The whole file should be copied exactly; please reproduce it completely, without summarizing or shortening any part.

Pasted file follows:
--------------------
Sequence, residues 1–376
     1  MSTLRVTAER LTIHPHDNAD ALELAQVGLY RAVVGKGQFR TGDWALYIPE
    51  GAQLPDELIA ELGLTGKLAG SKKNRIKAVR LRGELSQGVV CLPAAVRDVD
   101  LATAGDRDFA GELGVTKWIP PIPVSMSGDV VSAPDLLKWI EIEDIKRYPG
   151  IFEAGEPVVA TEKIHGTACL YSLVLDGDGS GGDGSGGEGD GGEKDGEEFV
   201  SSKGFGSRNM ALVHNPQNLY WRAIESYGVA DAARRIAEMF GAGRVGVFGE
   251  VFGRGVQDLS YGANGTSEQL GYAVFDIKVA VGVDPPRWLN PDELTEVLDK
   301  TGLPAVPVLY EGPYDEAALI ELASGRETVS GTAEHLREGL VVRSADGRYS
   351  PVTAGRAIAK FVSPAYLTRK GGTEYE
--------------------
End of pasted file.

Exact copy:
Sequence, residues 1–376
     1  MSTLRVTAER LTIHPHDNAD ALELAQVGLY RAVVGKGQFR TGDWALYIPE
    51  GAQLPDELIA ELGLTGKLAG SKKNRIKAVR LRGELSQGVV CLPAAVRDVD
   101  LATAGDRDFA GELGVTKWIP PIPVSMSGDV VSAPDLLKWI EIEDIKRYPG
   151  IFEAGEPVVA TEKIHGTACL YSLVLDGDGS GGDGSGGEGD GGEKDGEEFV
   201  SSKGFGSRNM ALVHNPQNLY WRAIESYGVA DAARRIAEMF GAGRVGVFGE
   251  VFGRGVQDLS YGANGTSEQL GYAVFDIKVA VGVDPPRWLN PDELTEVLDK
   301  TGLPAVPVLY EGPYDEAALI ELASGRETVS GTAEHLREGL VVRSADGRYS
   351  PVTAGRAIAK FVSPAYLTRK GGTEYE